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Police officer claims he didn’t render aid to Ahmaud Arbery for ‘safety’ reasons

Ricky Minshew testified that he saw Arbery laying in a pool of blood when he arrived at the scene but chose not to perform CPR.

The first police officer to respond to the scene after Ahmaud Arbery was blasted with a shotgun in February 2020 testified Monday that he didn’t provide aid to Arbery as he lay dying because he wanted to protect his own safety. 

Three white men — Gregory McMichael; his son, Travis McMichael; and William Bryan — have been charged with murder in the death of Arbery, a 25-year-old Black man who had been jogging in a southern Georgia neighborhood when he was chased down and killed. All three defendants have pleaded not guilty.

Ricky Minshew — who was a patrol officer in Glynn County, Georgia, at the time of Arbery’s death — testified that he arrived at the scene about a minute after Travis McMichael shot Arbery three times. He said he saw a bloody shotgun in the grass nearby when he pulled up to investigate. 

“Without having any other police units to have my back, there was no way I could switch to do anything medical and still watch after my own safety,” Minshew said.

Ricky Minshew — a former police officer for Glynn County, Georgia — testified Monday that that he didn't render aid to Ahmaud Arbery because he wanted to protect his own safety.MSNBC / Getty

Minshew testified that he could see Arbery laying in a pool of his own blood as soon as he arrived and could hear a “death rattle,” a phrase he used to describe Arbery’s labored breathing. Still, the officer claimed he didn’t try to render medical aid because it might not have been safe. Instead, Minshew focused on preserving the “scene integrity” for investigators and requested emergency medical responders, he said.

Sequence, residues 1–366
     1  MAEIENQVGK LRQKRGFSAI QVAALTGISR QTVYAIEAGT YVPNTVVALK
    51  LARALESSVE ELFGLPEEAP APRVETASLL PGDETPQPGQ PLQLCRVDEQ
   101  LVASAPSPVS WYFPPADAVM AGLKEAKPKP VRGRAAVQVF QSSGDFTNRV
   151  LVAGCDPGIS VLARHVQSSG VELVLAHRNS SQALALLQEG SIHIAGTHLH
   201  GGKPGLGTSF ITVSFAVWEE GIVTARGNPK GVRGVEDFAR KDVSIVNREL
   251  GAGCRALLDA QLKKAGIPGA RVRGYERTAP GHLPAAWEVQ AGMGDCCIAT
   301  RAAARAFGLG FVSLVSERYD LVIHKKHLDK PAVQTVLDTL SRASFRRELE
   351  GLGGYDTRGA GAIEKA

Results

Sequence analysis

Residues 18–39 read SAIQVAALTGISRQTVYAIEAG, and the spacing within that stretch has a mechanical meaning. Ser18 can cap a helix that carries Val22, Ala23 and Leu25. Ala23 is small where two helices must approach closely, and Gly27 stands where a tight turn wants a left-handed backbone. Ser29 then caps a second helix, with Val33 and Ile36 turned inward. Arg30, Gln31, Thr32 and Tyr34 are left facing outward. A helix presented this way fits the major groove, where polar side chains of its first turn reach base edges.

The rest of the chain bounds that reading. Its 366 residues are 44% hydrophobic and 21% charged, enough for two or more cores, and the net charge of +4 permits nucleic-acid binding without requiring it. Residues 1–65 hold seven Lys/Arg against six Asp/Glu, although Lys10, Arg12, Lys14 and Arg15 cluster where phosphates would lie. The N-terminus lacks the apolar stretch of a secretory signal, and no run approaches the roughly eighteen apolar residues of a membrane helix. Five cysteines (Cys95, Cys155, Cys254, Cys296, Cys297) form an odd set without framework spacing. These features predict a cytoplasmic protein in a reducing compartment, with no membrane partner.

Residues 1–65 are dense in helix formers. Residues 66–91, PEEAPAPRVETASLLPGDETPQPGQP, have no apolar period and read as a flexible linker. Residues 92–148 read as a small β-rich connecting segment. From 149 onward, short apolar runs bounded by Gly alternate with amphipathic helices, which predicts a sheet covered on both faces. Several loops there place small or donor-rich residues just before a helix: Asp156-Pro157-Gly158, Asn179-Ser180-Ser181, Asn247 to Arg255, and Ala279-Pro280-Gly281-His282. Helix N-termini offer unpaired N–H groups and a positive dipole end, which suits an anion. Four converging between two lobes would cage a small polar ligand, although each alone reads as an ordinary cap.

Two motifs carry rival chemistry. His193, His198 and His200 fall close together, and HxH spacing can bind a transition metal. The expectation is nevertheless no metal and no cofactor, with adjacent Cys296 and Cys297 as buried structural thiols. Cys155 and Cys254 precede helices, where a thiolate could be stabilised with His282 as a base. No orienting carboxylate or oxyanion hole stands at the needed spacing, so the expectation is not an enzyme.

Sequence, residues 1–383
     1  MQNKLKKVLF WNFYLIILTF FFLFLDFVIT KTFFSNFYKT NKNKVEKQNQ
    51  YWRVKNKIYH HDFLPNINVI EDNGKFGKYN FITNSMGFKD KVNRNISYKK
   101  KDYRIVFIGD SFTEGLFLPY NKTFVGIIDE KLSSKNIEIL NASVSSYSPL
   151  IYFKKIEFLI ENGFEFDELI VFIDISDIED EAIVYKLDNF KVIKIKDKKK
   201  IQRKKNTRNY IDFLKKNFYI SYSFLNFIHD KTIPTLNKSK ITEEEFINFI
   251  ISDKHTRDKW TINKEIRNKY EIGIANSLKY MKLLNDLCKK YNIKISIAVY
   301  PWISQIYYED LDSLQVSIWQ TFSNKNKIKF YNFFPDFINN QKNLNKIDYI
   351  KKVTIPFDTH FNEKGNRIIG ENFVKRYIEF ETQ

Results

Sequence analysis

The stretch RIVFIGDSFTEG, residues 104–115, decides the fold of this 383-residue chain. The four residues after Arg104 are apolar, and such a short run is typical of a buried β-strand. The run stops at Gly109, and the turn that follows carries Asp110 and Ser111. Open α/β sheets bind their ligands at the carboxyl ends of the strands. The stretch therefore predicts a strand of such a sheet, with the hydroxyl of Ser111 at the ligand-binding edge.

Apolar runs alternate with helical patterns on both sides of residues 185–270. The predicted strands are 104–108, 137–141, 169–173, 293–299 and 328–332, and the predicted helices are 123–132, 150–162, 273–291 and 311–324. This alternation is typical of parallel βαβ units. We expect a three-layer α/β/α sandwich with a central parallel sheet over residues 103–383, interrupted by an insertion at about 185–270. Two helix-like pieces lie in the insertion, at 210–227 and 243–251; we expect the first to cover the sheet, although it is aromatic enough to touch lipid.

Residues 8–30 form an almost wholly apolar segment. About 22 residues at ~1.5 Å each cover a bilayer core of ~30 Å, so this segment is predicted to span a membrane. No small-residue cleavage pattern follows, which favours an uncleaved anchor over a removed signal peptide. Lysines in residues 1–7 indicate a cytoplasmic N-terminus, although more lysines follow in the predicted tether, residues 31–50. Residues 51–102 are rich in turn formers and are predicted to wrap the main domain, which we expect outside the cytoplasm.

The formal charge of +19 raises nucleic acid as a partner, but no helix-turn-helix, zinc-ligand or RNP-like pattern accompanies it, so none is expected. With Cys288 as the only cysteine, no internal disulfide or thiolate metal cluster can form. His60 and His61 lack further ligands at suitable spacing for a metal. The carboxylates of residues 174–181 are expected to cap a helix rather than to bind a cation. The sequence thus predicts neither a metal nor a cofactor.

Minshew testified that he knew how to perform CPR but didn’t do so with Arbery because he “did not know any of the people or any of the facts or circumstances to what had happened.” Another Glynn County police officer, William Duggan, testified Friday that he attempted to render aid after arriving at the scene, shortly after Minshew.

During his testimony, Minshew described a conversation he had with Bryan at the scene. Minshew said Bryan, who had recorded the defendants’ pursuit of Arbery, was “cooperative’’ during the conversation and second-guessed whether the chase had been justified. 

Travis McMichael’s attorney said his client had been acting in self-defense when he shot Arbery. He said the McMichaels believed Arbery was a burglar and that they were conducting a legal citizen’s arrest when they pursued him. (Arbery entered a house that was under construction, but a lawyer for the homeowner said nothing was stolen.)

“Should I have been chasing him?” Bryan said, according to Minshew’s testimony. “I don’t know.”

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